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What is a dysregulated nervous system?

When we experience chronic stress and anxiety we can often begin to internalize that stress in our body begins to respond to it. This can cause what we call a dysregulated nervous system.

Our nervous system can be broken into two branches: the parasympathetic branch which is our rest and digest, and the sympathetic branch which is our fight or flight. When we are exposed to chronic stressors in our lives we often are tipped in the balance of a sympathetic nervous system response. This response will release cortisol and adrenaline to help to keep us safe. Our bodies are simply responding to internal and external stressors in order to protect us and ensure that we stay safe. The problem lies when we are exposed to these stressors consistently because we then begin to wear on our nervous system and it can’t keep up with this constant flooding of cortisol and adrenaline that comes with chronic stress and anxiety.

Some of the symptoms associated with a sympathetic dominated or dysregulated nervous system May be extreme exhaustion, feeling irritable or frustrated, feeling unmotivated in things that used to bring us joy, always feeling on edge or like something bad is going to happen, our thoughts keeping us up at night not allowing us to get the rest we need, always being hyper aware of our surroundings or of our bodies, and so many more signs that can indicate we are in a sympathetic nervous system state.

Now the opposite is true for the parasympathetic nervous system. Our parasympathetic nervous system wants us to slow down and wants us to Store some of the energy that we are taking in. Often in this state we feel calm, our heart rates are lower, we are digesting the food that we have consumed, and we’re storing energy for any time that we may need it. This state is often extremely restorative for many because it allows us to get the rest that we so desperately need in our lives. But when we live in a constantly stressful environment we can tip the balance further and further away from this rested state.

Now you might be wondering why do we have this sympathetic state to begin with? Well... Imagine this: you’re walking in the forest it’s quiet and calm and all of a sudden a bear steps out in front of you. Now I hope your first response is fear although beers are fairly cute from a distance and there may be a bit of like wow look a bear but in reality you most likely would experience fear in this moment. Now in this moment our sympathetic nervous system kicks in because we need to get out of there we need to either fight or flight or freeze or fawn. No most of us would choose the flight response but any of these responses would result in a flooding of adrenaline because our bodies want to mobilize some energy so we can get out of there or we can escape the bear. This is where our sympathetic nervous system is extremely important. Its job is to increase our heart rate and mobilize sugars so our muscles can begin to work harder to run away, and change our vision so we can focus in on what we need to do to get away. Our bodies are truly trying to protect us and when we’re just exposed to stressors we often have this dominant state even though we may not see the bear in front of us.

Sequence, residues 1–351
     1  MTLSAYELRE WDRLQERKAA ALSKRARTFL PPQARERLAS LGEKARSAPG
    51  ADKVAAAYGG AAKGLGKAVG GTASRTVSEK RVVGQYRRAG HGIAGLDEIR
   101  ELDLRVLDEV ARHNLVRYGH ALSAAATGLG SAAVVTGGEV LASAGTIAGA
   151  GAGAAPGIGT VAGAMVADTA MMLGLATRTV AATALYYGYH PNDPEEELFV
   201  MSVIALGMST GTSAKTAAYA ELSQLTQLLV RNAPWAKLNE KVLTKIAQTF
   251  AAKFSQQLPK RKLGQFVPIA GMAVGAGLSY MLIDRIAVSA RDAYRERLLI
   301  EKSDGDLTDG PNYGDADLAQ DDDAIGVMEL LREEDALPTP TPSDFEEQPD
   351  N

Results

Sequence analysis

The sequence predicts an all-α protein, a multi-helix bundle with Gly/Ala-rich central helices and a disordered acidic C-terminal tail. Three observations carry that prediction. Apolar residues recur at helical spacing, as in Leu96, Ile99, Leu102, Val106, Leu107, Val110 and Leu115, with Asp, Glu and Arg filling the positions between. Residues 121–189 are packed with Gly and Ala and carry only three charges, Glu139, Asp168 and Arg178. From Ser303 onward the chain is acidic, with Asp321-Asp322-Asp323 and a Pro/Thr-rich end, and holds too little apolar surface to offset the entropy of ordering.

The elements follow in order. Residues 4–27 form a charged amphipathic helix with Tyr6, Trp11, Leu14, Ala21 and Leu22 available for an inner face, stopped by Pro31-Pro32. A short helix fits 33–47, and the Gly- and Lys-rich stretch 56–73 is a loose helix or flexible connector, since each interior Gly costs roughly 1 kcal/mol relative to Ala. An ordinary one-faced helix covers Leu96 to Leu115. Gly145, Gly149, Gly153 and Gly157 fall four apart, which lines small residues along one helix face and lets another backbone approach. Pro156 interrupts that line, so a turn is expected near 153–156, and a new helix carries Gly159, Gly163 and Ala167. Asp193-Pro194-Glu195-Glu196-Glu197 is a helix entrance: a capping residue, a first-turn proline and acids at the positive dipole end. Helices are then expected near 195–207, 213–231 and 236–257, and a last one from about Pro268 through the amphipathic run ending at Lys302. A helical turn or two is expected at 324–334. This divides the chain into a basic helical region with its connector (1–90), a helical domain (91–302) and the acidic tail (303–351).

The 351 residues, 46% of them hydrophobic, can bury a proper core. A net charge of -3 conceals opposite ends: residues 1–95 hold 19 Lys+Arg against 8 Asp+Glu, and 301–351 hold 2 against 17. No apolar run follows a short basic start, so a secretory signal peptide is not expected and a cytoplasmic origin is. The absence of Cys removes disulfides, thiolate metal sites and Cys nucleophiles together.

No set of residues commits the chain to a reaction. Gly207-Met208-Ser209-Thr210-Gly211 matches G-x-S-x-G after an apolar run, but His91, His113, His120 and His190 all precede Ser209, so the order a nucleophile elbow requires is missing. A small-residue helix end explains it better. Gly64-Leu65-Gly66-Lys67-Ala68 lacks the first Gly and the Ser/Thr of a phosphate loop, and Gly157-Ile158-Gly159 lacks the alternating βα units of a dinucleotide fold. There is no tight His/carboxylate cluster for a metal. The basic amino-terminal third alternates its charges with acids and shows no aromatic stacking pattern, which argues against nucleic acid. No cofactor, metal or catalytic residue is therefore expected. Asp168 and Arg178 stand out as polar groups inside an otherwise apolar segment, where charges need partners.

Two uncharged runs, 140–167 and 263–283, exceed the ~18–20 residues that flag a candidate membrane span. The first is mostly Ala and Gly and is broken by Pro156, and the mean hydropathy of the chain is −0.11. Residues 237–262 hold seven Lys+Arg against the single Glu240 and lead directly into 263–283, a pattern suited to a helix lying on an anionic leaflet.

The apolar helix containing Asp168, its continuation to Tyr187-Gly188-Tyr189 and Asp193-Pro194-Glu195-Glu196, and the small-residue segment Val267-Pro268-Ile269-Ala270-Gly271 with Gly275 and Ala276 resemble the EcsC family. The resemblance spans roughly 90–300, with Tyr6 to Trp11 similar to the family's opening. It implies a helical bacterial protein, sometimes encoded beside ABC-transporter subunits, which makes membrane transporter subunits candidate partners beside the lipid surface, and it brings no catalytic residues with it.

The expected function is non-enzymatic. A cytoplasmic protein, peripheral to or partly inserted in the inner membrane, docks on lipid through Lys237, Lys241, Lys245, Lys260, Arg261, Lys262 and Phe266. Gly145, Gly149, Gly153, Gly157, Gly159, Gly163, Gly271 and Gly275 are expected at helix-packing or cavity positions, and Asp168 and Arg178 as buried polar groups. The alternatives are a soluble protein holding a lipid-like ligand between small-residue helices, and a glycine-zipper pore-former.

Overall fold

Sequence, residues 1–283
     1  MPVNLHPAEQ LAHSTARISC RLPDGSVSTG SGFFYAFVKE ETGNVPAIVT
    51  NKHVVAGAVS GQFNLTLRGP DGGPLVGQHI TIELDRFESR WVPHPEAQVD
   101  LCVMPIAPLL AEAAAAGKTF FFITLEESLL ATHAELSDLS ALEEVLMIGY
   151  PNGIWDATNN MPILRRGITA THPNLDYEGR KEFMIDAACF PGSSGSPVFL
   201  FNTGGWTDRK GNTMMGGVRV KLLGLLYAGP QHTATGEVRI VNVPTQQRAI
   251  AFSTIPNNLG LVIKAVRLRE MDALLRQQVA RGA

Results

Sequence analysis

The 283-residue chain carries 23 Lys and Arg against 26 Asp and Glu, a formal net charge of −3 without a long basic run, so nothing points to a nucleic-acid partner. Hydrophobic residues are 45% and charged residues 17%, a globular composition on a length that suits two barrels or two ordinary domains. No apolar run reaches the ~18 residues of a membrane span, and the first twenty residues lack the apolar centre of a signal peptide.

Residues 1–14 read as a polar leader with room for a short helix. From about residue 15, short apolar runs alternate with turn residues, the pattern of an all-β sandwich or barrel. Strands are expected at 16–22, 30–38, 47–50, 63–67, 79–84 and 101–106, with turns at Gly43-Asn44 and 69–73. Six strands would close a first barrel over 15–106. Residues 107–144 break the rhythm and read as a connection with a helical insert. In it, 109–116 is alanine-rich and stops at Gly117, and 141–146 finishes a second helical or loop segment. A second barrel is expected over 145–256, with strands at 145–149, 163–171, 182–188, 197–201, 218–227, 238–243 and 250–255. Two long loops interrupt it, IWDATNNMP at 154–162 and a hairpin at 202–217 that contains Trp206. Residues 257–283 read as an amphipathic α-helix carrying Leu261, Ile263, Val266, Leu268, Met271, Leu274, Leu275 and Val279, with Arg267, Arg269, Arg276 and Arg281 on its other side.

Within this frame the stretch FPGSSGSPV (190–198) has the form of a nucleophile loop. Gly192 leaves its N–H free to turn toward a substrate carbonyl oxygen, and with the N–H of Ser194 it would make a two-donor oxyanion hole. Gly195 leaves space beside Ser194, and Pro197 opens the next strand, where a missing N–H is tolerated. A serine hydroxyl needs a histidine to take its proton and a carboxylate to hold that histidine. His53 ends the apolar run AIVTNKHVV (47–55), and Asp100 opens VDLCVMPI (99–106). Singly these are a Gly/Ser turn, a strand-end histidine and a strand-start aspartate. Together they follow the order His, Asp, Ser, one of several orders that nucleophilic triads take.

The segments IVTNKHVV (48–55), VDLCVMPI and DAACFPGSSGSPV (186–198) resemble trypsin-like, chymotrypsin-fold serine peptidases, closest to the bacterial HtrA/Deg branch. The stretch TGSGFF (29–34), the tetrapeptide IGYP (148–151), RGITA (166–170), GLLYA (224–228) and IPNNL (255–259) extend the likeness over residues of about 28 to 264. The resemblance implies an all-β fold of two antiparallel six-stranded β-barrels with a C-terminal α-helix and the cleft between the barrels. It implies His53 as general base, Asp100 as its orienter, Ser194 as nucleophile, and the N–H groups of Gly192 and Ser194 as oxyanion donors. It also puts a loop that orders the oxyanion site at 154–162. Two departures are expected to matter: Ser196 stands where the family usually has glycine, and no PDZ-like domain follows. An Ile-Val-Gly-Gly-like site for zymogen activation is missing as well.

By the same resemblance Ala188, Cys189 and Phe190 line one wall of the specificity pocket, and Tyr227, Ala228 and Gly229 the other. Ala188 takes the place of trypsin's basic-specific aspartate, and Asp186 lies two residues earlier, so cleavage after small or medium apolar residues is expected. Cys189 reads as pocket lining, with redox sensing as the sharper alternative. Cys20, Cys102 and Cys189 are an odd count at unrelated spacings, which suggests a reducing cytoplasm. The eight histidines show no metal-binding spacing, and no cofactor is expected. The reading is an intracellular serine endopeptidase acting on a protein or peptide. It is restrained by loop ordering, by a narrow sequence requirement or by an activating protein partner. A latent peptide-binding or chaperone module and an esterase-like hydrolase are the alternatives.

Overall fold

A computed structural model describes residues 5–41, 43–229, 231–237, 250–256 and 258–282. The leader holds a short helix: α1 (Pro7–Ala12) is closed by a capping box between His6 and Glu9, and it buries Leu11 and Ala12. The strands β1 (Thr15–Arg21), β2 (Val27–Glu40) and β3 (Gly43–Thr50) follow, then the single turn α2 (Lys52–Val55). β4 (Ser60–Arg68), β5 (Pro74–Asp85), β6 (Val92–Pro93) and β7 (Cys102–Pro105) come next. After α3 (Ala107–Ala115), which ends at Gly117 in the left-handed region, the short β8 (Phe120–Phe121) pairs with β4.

A dysregulated nervous system isn’t something that is forever. It’s important to recognize that we can bring ourselves back into a rest and digest paras pathetic state. If you’d like to learn more about how to get to the state read my other blog post here.

Sometimes understanding the physiology behind what we are experiencing can help us be more equipped to handle those experiences when they come up. Though knowledge isn’t the only aspect of healing it can be extremely valuable to understand what our bodies are going through as a way to help us navigate those experiences as they come up.

There is a light at the end of the tunnel and healing is possible.

I hope this was able to give you an understanding of why we are experiencing a dysregulated nervous system and what the branches of our nervous system really mean.

Sending you so much love,


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